Outside my bedroom window in Tblisi, Georgia, a gilded St George is slaying his dragon in the morning sunlight.
St George is the patron saint of this Caucasian country and since the collapse of the USSR has been enjoying something of a revival. He's not the only facet of Georgian life to be doing so.
The distinctive cruciform Georgian churches with their circular towers are once again alive with the flicker of votive candles and black-robed monks, many sporting pony tails and luxuriant beards lurk in the shadows.
The renaissance of Georgia's Christian heritage is taking an interesting path.
Two years ago when I was here there were no dress restrictions for visiting the churches and monastery courtyards. But now women must cover their hair, and in some case don shapeless wrap-around skirts to cover up their trousers.
My Georgian friend Anna tells me that the rules appear to be getting stricter every week. And don't even think about gazing at the monks - even looking is out of bounds.
Surprisingly perhaps, a significant proportion of the Georgians returning to the church are young - the churches are certainly not the sole preserves of the ancient, bent women who never-the-less till seem to spend most of their day in the church precincts.
But although Georgia might be enjoying a religious revival it is certainly not giving up on its love of wine. The fertile lands between the Azeri-Georgia border I crossed yesterday are crammed with vineyards, this land is awash with wine.
I tasted my first Georgian red of this trip in a winery which has a cellar containing a collection of vintages dating back to the early 19th century. While the jugs of wine kept coming and the plates of Georgian food began piling up on the table, six Georgian men serenaded us.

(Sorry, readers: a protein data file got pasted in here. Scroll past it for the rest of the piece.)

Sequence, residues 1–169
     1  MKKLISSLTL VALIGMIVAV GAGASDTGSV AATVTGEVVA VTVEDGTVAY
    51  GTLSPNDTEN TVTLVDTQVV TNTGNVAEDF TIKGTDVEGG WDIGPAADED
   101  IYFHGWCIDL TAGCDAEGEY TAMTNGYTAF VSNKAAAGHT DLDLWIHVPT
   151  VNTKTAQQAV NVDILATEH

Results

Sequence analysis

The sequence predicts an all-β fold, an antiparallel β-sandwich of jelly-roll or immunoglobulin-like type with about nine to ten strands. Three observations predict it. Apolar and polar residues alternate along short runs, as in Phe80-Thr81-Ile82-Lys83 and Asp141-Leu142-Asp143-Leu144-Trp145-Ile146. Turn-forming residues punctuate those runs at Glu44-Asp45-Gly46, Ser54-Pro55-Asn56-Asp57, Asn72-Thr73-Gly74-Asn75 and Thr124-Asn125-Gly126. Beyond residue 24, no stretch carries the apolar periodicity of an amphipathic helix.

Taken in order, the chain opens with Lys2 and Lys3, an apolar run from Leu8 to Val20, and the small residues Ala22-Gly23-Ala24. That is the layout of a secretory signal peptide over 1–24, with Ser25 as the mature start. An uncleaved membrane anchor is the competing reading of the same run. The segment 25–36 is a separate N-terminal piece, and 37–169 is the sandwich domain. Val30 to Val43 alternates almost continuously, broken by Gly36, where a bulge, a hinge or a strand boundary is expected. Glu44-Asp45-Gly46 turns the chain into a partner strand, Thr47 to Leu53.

They too were seated at our table - each song punctuated by a small break while they joined in the traditional toasts and feasted on pork, fish, aubergines, fresh tomatoes, bread straight from the oven and mountains of fruit.
Rich harmonies, lubricated by the velvety wine filled the old wine cellar where we sat. They sang with passion about welcoming travellers, the power of women and their love for Georgia. They sang wearing belted red jackets studded with bullets.
Those rather mixed messages are repeated on the statue of the Mother of Georgia which stands on a ridge overlooking the city.
She has a wine cup in one hand and a sword in the other. She symbolises the Georgian philosophy of offering generous hospitality to her friends - the wine - and a somewhat different approach to her enemies.
And at present Georgia does have some bones to pick with some of its neighbours, especially Russia. But thankfully, being a Kiwi, I anticipate seeing rather more of the grapes and a lot less of the sword over the next day.